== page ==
Features that make PHP go forwardFeatures that make PHP go forward

Open source projects often support older PHP versions, and sometimes, really much older. At some point, they take the decision to move on. With the drop of older versions, (relatively) new features can be used to modernize the sources. These features are the ones that make PHP go forward: they are wanted and awaited.

To detect which PHP features are important enough to trigger the abandonning of arcane PHP versions, we went a wide spanning audit and linted 51 modern PHP projects with PHP 8.0 and 7.4. Then, we checked what syntax error does the code yield with old PHP versions. By using these features, the backward incompatibility with now gone.

General compatibility with PHP 7.4 and 8.0

Out of the 51 projects, 18 projects generate no linting error with PHP 7.4; 20 projects generate no linting error with PHP 8.0. This gives 35% of PHP projects are still ensuring backward compabitibility with PHP 7.4; and a little less than 40% are ensuring PHP 8.0 backward compatibility.

The other projects are all displaying some incompatibility with these versions. It ranges from 1 file to 695 files, or up to 14% of the code base, incompatible with PHP 8.0.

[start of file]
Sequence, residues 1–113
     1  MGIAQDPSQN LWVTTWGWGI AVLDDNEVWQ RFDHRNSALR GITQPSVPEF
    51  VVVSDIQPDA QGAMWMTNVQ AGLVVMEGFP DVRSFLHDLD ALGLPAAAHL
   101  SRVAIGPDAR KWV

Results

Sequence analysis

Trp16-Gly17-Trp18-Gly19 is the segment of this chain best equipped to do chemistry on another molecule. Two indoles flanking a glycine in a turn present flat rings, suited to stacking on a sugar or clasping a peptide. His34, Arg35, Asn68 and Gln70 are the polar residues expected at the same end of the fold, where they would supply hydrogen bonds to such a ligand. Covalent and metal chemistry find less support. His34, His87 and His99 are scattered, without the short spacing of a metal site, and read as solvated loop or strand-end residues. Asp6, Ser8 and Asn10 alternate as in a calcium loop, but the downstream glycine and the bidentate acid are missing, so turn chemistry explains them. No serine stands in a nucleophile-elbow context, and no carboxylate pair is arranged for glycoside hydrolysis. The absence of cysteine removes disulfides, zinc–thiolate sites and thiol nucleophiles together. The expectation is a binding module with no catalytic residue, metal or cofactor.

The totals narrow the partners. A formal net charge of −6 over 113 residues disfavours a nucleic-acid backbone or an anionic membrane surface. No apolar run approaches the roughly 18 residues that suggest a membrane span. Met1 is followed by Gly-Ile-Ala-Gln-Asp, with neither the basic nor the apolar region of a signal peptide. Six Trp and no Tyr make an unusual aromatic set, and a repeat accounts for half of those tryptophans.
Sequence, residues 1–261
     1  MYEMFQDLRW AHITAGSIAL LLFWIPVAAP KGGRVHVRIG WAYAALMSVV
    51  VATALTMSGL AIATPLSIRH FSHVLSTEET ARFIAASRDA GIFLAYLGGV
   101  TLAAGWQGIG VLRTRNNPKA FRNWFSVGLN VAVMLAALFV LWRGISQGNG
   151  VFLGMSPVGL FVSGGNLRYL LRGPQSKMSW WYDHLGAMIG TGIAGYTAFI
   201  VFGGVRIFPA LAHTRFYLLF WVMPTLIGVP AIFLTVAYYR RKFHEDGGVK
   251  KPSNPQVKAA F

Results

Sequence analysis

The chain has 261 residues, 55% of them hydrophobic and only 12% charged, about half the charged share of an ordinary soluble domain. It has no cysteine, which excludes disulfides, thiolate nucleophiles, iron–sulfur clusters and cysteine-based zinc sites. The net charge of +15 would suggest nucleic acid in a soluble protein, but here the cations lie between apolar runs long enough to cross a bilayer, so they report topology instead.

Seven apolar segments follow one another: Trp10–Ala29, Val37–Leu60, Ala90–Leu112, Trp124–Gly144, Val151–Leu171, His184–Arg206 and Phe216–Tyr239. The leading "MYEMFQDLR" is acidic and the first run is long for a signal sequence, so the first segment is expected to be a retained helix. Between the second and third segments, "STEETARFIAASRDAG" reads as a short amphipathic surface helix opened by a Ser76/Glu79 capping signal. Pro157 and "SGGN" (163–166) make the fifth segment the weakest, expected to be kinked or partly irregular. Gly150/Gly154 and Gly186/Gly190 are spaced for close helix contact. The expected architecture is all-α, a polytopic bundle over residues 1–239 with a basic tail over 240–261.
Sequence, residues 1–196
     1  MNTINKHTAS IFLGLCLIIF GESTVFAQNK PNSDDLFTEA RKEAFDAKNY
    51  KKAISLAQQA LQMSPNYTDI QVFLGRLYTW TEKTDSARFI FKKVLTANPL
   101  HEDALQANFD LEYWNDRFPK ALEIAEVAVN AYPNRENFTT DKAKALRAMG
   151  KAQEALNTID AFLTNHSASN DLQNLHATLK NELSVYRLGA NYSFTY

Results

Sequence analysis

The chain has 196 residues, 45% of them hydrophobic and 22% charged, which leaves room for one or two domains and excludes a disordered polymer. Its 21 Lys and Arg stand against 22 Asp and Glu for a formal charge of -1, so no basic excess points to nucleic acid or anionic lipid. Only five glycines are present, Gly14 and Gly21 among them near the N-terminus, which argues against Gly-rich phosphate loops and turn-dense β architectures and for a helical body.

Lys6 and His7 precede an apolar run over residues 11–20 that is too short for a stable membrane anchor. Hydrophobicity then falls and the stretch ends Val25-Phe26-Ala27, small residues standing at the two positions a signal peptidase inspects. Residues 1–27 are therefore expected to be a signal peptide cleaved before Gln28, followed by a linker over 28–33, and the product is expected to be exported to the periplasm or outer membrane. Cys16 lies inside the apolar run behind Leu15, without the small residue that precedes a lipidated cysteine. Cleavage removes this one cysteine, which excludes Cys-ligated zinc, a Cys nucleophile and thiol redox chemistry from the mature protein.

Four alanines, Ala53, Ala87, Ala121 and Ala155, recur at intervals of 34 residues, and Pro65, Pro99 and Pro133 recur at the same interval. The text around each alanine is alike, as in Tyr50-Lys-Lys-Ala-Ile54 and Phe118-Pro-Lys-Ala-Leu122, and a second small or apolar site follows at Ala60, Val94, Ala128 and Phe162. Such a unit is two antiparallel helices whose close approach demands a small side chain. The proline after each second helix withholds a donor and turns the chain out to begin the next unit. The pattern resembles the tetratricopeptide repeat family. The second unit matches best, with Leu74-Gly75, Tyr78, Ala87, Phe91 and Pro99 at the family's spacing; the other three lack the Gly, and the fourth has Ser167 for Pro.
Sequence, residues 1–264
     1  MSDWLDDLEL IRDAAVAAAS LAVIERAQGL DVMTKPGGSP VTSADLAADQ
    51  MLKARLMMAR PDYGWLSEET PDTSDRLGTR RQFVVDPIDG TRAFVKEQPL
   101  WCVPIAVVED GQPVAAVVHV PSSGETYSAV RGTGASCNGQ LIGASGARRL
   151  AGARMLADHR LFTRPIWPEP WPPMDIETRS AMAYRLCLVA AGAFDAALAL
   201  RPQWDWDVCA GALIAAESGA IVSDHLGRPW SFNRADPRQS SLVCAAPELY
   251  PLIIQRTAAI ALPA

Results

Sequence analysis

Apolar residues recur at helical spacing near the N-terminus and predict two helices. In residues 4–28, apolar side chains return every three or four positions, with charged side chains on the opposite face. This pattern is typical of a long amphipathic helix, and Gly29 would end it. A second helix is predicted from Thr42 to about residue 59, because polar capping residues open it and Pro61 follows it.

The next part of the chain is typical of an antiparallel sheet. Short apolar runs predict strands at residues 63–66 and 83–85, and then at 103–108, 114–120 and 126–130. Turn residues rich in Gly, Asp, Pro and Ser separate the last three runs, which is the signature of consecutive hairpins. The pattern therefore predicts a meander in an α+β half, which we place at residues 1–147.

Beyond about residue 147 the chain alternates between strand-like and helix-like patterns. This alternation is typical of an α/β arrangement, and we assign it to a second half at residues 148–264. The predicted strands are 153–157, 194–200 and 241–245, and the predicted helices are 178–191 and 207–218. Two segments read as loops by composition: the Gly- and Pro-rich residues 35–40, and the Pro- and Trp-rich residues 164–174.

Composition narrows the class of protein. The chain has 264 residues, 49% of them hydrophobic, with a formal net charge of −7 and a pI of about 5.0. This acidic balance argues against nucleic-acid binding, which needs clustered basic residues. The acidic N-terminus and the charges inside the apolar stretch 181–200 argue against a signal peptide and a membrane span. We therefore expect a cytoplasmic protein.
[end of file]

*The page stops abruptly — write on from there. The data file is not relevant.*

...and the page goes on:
Most frequently adopted features for PHP 8.0

Here are the most frequent features that are making the code backward incompatible. The percentage is the number of projects that are displaying a related error, divided by the number of projects that are backward incompatible. For example, an enumeration enum e {}yield syntax error, unexpected identifier "e" in PHP 8.0, and not in PHP 8.1.

The enumerations (PHP 8.1) are the feature that most often breaks backward incompability in modern code: it happens in 45% of the projets.

Then, readonly properties (PHP 8.1) while readonly classes are not yet visible. Intersectional types (A&B, PHP 8.1) and first class callable (strlen(…), PHP 8.1) are all close, with about 20% of compatibility breaks.

Last, but not least, are constant visibility and final classes. Final classes are not appearing.

Most frequently adopted features for PHP 7.4

When projects reach PHP 8.0, they start using the following features:

Promoted properties is a clear winner for adoption. It is a reason to drop backward compatibility in 2 cases out of 3.

Other omitted errors

There are a lot more incompatibilities between PHP middle versions (PHP 8.1, PHP 8.2, PHP 8.3…) than simply lint. Notably, the linting process stops at the first encountered error, and there may be a lot more errors later. Yet, this audit only counts the first one.

Also, some incompatibilities are only visible at execution time: they are left out of this analysis.

Choosing the features that make PHP go forward

It is interesting to discover which are the PHP features that are awaited, in projects that prevents themselves from using them to preserve PHP backward incompatibilities.

It is a reverse scenario, compared to the delivery of a new PHP version. When the project decides to move one, these new features are widely available, and usually well understood by coders. This prevents using features because they are new or fashionable. Only the real ones are adopted.